Förster Resonance Energy Transfer (FRET) is a physical phenomenon whereby energy created by fluorescence excitation of one molecule is transferred to an adjacent molecule. This is also called Fluorescence Resonance Energy Transfer. If the two molecules are fluorophores, then excitation of the first molecule (Donor) results in fluorescence emission of the second molecule (Acceptor).
In this diagram (from here) the donor molecule is excited by a photon within its excitation spectrum. Under typical fluorescence conditions relaxation of the electron energy would result in the emission of a photon (fluorescence) by the donor fluorophore, with a resultant drop in molecule energy (down arrows). However, if a suitable acceptor molecule is within a certain distance (Förster distance; <10nm) then donor energy can experience transfer of energy (Kr) to the Acceptor, resulting in Acceptor fluorescence. An important concept is that the transfer of energy between molecules is nonradiative, and that the distances involved are much less than the wavelength of light. Föster energy transfer is therefore distinguished from a more common radiative transfer of energy (e.g., absorption of the Ex photon by a molecule.)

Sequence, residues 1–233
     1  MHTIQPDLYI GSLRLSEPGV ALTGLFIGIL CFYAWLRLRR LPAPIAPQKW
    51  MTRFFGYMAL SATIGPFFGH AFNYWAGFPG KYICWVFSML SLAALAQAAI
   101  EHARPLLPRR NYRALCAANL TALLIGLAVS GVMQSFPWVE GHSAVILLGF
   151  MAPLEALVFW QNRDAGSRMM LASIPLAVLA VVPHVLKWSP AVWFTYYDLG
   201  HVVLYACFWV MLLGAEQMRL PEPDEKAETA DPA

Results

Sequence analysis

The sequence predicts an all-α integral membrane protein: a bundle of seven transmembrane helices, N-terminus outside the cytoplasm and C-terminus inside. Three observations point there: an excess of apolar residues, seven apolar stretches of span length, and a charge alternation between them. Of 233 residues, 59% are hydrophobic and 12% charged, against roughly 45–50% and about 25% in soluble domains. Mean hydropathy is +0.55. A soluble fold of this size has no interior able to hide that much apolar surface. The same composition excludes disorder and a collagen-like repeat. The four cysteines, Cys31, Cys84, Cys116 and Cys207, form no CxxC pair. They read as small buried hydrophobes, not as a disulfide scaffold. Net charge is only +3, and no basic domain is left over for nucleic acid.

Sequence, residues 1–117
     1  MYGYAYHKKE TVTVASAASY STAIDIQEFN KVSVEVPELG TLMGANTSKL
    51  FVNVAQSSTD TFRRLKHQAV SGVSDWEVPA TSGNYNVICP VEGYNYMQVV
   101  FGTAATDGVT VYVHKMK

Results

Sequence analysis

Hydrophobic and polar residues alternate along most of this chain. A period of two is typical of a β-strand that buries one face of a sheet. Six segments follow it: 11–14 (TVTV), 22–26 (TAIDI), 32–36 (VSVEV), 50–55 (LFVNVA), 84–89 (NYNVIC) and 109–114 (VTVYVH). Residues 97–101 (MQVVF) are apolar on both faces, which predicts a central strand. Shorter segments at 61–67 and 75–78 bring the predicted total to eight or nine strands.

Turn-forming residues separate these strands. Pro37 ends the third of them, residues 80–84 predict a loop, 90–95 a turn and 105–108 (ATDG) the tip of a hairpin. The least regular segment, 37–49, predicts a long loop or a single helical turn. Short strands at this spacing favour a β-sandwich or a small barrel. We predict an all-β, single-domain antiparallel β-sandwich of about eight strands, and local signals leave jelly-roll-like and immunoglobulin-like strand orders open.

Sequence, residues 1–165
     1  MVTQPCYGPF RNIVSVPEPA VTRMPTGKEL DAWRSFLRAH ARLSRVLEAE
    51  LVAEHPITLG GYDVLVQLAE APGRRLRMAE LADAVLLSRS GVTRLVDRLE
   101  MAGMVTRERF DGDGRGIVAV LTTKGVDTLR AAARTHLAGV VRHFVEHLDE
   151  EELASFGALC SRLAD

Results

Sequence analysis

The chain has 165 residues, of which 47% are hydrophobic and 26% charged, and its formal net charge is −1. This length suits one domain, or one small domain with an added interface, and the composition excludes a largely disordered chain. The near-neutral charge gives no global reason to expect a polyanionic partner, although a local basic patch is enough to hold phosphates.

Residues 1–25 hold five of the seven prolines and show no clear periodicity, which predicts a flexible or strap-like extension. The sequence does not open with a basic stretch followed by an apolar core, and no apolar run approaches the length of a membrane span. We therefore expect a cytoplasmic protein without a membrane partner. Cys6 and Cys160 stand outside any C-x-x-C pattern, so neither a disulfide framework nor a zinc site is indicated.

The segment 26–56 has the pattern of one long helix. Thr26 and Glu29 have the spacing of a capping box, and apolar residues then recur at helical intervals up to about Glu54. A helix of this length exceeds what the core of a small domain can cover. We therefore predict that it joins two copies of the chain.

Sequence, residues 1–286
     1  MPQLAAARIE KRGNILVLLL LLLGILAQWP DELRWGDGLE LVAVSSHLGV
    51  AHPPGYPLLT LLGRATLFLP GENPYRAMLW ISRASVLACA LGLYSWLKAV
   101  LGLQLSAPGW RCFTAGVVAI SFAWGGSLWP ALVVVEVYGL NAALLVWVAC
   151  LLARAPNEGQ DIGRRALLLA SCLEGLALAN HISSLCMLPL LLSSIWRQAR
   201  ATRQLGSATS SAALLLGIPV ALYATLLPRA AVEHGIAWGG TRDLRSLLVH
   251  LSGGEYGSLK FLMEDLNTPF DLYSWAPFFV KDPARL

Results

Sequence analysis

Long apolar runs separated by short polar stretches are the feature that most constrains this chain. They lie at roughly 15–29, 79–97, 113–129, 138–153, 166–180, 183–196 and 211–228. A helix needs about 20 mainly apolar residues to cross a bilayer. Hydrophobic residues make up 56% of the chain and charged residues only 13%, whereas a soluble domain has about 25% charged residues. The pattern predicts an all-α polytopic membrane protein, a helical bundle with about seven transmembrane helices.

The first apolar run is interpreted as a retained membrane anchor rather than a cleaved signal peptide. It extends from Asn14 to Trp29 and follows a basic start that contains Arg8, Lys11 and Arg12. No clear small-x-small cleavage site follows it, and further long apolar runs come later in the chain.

In a FRET-pair system, Donor Excitation results in Acceptor Emission. It also results in changes in
Fluorescence Lifetime.
Requirements for FRET:

A common example of a FRET-Pair is CFP/YFP (left).

What does FRET tell us:

Here is a biological example where FRET was used to determine the conformation of a signaling molecule c-Raf. By adding the FRET pairs CFP and YFP to the ends of c-Raf, the researchers were able to distinguish the open conformation (no FRET) from the closed conformation (FRET fluorescence = YFP emission). The movie shows (in grayscale and color) the transformation from Open (CFP emission, blue) to Closed conformation (YFP emission, yellow) over time.
Analogs to FRET are: